A question was raised about how we arrived at the figure of £1,765. It was quite simple. We simply took all the tenders approved for the last six months of last year and the first month of the present year, and that was the average figure which resulted. The local authorities have known that from the beginning. The local authorities suggested that £1,900 was the correct figure. Our inquiries were far wider than theirs. We were unable to agree to their figure. The figures which we gave for the tender prices were completely accurate. There is no question of deception.

Mr. McInnes

The hon. and gallant Gentleman indicated that the inquiries of the Department covered a far wider field than those of the local authorities. Am I correctly stating the position when I say that all the tenders which the Department had under review were given to the finance officers of the associations and that from them they detected all the weaknesses which were in the calculations of the Department?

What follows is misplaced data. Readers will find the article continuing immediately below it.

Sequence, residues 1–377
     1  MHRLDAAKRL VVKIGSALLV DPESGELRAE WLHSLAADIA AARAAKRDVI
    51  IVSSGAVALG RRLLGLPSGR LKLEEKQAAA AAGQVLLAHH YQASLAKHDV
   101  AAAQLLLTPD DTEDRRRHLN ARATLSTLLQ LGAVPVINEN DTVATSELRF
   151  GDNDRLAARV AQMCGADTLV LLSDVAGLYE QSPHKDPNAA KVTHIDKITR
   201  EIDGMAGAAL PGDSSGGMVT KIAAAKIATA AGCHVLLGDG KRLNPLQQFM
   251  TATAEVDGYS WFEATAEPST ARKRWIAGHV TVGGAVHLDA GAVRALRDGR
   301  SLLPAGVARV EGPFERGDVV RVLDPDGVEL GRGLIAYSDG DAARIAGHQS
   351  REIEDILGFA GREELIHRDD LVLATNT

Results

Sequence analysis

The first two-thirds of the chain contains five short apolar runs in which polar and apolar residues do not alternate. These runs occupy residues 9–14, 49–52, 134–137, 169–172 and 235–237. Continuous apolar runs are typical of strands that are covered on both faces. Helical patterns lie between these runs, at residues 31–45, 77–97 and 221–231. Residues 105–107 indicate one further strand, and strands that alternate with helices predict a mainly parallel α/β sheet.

Commander Galbraith

Not according to my information.

Mr. McInnes

I have the details here.

Commander Galbraith

I will not argue the point. I have answered the hon. Gentleman. I consider that the information available to the Department was much greater than that which could possibly have been available to the local authority associations. I want to say, because it is of importance, that agreement was obtained with the English local authorities on the figure of £1,525. That should be kept in mind. It is generally recognised that the proper difference between the cost of a house in England and one in Scotland—allowing for our different weather conditions and the stouter construction required—should be about £120.